An unplugged wedding encourages your guests to capture the joy and emotion of the day without the distraction of technology. Find out if an unplugged wedding is the right option for you - and how to ask your guests to go tech-free.
What exactly is an unplugged wedding?
An unplugged wedding results when couples ask their snap-happy families and guests to turn off their phones, iPads, cameras and other digital gadgets so they can be fully engaged when witnessing the bride and groom exchange vows on this very special day.
Couples would rather people simply watch, smile, shed a tear, listen and remember, not from the photos they download to their computers, but from their own memories.
The tech-savvy couple
While some couples are asking their guests to switch off for the day, others encourage their friends and family to snap as many photos as possible. There are strong arguments on both sides. A fully plugged-in, hyper-documented wedding makes perfect sense for couples who won't feel complete unless they have digitally documented every second of the day. Couples who are on a tight budget may want to ‘crowd-source’ photos and are happy for guests to take as many pictures as possible, and thereby can dispense with a professional photographer altogether.
Be nice, turn off your device
For the couples who prefer to keep their wedding low-key, instead of banning cameras and iPhones all together, they might request that they simply refrain from taking pictures during the ceremony. Remember, if you have 150 guests there could be 150 iPhones snapping away! Another reason for couples wanting an unplugged wedding is the unauthorised images that may circulate on social media sites thereby spoiling the big reveal for the groom and guests. Also, what bride wants unflattering images posted on Facebook or Instagram of the bridal party getting ready, or inappropriate images of tipsy relatives behaving badly?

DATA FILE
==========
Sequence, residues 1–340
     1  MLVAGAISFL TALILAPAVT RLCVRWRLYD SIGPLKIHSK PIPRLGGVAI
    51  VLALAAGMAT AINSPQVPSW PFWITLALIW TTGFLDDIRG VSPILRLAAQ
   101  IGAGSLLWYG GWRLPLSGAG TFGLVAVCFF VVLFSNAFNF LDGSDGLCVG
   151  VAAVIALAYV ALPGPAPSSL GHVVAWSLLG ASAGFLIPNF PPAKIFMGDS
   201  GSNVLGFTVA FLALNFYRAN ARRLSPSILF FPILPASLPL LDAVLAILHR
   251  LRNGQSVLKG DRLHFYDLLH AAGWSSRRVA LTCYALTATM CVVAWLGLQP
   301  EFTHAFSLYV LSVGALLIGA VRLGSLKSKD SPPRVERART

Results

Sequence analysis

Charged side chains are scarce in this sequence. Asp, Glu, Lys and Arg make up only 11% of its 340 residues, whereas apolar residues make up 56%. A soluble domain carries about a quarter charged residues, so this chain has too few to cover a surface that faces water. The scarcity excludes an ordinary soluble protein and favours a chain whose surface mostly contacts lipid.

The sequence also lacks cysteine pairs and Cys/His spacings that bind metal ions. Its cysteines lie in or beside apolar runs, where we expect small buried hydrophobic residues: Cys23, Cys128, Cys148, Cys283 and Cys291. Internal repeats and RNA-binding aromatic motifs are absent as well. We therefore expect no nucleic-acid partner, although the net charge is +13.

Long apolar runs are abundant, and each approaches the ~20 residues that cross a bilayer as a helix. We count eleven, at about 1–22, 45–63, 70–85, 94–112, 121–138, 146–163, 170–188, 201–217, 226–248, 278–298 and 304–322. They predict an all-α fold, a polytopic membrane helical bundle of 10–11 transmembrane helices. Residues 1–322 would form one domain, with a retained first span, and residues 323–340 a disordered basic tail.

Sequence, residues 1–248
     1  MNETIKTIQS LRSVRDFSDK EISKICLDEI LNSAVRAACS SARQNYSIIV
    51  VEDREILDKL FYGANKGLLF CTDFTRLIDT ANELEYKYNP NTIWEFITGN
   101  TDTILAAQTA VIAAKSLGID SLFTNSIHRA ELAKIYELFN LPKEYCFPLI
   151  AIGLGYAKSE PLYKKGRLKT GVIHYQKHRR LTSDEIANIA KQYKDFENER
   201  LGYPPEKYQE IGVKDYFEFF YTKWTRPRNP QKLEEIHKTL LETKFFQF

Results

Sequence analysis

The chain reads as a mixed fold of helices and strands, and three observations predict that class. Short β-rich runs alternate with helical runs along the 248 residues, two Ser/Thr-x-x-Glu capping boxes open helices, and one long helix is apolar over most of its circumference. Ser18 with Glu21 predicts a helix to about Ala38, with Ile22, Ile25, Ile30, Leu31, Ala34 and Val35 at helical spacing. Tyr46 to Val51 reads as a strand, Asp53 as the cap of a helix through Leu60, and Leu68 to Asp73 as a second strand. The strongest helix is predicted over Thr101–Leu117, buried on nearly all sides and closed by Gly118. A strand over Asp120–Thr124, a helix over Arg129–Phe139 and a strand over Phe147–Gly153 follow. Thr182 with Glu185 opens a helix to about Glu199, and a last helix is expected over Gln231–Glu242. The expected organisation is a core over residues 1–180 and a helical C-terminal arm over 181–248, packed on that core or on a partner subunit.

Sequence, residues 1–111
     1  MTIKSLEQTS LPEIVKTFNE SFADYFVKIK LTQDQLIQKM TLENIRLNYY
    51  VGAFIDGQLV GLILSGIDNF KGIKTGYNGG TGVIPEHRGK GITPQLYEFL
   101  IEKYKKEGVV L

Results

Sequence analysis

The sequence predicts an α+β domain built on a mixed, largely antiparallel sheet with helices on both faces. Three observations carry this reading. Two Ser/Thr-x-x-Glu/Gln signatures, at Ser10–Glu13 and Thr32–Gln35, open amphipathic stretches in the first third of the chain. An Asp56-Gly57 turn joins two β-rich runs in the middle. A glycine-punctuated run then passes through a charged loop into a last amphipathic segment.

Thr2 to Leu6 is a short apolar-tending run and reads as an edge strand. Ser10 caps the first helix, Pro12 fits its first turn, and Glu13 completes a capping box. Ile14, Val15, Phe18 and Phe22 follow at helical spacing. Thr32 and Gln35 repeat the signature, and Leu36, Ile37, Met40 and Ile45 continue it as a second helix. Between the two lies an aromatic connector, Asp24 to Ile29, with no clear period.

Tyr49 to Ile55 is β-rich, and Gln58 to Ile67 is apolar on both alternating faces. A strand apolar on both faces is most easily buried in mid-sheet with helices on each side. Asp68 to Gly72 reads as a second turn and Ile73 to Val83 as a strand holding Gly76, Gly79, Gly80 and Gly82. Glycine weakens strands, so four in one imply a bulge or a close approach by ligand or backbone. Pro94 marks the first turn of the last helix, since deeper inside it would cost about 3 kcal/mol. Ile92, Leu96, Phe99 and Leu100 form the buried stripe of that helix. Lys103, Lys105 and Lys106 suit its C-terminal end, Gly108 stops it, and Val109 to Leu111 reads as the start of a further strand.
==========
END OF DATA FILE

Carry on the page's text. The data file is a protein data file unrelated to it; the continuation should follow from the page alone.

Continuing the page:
If you have gone to the expense of hiring a professional wedding photographer it is quite possible they will miss key shots because of photo-bombing guests getting in the way and compromising the professional pictures. This is another reason for an unplugged wedding.
Asking guests to keep mobile phones and social media usage to a minimum is not an unreasonable request especially at the ceremony and big reception moments, like cutting the cake and the bride and groom's first dance.
Here are some ways to get your message across:
- Warn guests in advance: Send a note requesting “no photos please” together with the invitation.
- Put a note in the wedding program: "We ask you to kindly turn off your phone during the wedding ceremony and refrain from taking photos. We have a professional photographer on hand to capture all the special moments”.
- Ask the celebrant to make an announcement: "The bride and groom have asked that you put your phone and camera away. Sit back and enjoy the ceremony!"
- Put a sign on the reception tables: "We encourage you to share your selfies with #dotanddavewedding but please refrain from posting photos of the bride and groom on social media."
In the end, this is your day and the decision is up to you. To ban all photographs is unrealistic but it is reasonable to ask guests not to post them until after the ceremony. However, if you and your partner are looking for more face-to-face connection with your guests, an unplugged wedding could be good for you.